After graduating from Brown and throwing his perfect game, Richmond became a medical student at the University of City of New York (later to be named New York University). He received his doctor of medicine degree from the College of Physicians and Surgeons in New York in 1883, while still playing professional baseball.
After giving up baseball, Richmond returned here to Ashtabula County, opening a private practice. However, he soon found that medicine was not for him and he went to Geneva High School, where he taught mathematics and chemistry for a time.
In 1890, Richmond moved to Toledo. He taught in Toledo public schools for 32 years, first at Central High, then at Scott High. His love for baseball did not fade, however, as he coached four championship squads while at Scott.
He then joined the University of Toledo faculty as assistant professor of mathematics in 1922 and was later appointed professor of hygiene and physical education.
Richmond became the acting dean of men at Toledo in 1923 and the dean of men in 1925. He retired in 1929.
On Tuesday, Oct. 1, 1929, Richmond died at his home at age 72. He had suffered a stroke a month earlier, but appeared to be recovering before suffering a relapse.
Honoring the pitcher
One of the finest baseball writers of the early 20th century, John B. Foster, writing for the Providence Journal, described John Lee Richmond, the pitcher, this way:
“Lee Richmond was a pitching of cunning and control. He knew much about the curve that was just then beginning to make greater headway.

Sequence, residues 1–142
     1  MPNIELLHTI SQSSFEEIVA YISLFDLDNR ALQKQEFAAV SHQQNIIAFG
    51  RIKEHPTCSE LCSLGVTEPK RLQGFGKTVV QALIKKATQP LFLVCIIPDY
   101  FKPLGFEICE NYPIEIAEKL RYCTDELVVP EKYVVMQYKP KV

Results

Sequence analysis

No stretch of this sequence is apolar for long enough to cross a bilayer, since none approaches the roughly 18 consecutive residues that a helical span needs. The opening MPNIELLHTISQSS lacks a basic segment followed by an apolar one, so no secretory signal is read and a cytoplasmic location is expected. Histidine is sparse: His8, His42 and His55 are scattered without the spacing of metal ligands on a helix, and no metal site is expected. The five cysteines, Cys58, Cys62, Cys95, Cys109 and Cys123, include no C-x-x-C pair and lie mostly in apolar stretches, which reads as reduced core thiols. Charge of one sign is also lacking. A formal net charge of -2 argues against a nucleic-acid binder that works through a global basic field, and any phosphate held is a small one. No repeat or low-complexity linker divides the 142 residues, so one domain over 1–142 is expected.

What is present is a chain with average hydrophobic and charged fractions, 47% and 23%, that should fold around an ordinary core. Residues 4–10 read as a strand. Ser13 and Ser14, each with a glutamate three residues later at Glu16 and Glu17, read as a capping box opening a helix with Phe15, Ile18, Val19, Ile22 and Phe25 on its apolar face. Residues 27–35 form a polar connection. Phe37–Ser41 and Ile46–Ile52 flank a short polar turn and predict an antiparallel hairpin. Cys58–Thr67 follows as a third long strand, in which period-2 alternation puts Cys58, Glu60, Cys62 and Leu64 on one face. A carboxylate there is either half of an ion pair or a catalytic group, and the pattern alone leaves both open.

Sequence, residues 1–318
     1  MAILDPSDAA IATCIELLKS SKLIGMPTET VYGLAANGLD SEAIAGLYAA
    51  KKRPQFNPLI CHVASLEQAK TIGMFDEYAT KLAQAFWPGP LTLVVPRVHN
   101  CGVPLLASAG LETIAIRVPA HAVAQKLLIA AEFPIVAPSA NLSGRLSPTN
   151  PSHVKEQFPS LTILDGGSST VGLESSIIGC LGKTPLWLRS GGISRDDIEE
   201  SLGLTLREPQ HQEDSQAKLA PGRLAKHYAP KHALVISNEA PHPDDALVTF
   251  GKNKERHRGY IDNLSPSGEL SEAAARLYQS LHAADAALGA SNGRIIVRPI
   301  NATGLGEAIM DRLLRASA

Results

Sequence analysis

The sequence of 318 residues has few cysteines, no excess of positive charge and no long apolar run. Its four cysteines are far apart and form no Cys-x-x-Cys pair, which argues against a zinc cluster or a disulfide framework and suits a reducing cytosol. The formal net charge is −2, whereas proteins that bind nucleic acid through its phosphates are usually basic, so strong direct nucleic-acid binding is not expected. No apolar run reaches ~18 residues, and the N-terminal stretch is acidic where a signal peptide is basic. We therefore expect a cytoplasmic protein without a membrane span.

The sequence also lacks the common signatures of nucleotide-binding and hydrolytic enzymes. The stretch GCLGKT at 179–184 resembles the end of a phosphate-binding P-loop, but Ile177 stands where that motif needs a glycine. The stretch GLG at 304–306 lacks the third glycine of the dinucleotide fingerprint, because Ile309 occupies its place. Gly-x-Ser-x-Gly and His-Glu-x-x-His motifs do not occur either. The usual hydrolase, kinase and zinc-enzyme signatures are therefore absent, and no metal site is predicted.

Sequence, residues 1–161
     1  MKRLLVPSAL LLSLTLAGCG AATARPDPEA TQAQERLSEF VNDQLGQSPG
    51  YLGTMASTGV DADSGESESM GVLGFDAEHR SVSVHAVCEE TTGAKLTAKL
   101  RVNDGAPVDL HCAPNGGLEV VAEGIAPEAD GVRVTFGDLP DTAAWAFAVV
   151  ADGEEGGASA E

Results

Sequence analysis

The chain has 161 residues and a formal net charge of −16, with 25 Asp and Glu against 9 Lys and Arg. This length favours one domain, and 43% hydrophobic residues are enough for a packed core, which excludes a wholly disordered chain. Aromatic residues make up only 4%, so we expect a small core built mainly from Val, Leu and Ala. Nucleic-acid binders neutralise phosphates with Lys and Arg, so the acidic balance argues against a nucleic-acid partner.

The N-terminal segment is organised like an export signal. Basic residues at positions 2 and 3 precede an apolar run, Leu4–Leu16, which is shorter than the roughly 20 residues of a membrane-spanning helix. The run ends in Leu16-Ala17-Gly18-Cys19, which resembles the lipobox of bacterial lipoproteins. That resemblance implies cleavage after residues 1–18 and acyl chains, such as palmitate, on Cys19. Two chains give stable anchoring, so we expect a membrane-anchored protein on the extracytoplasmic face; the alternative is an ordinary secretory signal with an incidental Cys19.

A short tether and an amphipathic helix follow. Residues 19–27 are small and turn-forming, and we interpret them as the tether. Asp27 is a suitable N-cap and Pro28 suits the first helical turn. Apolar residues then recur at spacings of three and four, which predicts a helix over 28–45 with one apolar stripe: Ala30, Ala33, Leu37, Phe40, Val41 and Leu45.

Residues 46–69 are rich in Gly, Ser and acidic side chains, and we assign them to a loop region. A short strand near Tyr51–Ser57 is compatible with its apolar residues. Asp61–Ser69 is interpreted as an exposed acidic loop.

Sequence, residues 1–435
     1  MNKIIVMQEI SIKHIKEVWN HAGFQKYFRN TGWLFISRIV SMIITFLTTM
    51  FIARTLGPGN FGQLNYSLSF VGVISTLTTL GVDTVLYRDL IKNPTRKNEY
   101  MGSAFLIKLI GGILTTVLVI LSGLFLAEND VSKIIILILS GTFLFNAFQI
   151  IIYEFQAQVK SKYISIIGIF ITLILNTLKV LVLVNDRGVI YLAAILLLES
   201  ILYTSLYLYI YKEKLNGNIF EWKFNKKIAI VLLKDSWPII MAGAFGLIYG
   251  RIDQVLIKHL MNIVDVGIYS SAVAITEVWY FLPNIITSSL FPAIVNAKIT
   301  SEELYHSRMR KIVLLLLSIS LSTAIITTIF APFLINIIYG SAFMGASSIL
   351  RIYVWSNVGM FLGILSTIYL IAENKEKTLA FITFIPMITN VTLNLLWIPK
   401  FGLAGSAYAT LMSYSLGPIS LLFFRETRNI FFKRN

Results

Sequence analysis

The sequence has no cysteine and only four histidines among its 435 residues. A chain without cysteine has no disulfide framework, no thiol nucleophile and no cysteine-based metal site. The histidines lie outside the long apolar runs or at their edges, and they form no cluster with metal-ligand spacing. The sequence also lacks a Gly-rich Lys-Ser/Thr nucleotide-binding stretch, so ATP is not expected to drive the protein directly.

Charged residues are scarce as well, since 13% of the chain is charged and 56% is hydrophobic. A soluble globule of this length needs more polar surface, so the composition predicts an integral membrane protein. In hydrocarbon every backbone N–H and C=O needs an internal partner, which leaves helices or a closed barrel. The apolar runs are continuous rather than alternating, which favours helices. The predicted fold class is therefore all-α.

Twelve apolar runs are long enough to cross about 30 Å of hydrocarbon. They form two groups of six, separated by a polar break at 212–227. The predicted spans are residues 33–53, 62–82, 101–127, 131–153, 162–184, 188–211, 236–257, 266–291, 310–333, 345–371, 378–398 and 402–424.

“He studied his batters and he accepted the help of his catcher. He was not a strikeout pitcher, in the sense that he tried to lord over the batter by using great speed.
“He had a good change of pace, and he worked the batters’ weak spots, tempting them to swing, luring him to lunge, and often managing to strike him out because one of those evasive curves would bend away, increasing its loop with a gentle motion that induced the batter to reach our farther and upset his balance.
“When Richmond first went West to pitch, after having tossed his perfect game against the Cleveland club in Worcester, the baseball enthusiasts in the country beyond the Allegheny Mountains could not believe that this slender chap, with a little brush of a mustache and a placid smile, could be the man who had defeated the famous Cleveland team with its marvelous infield and hard-hitting outfield.
“Dunlap played second base for Cleveland in those days, and he was one of the best hitters of his time, but Richmond fooled him completely.”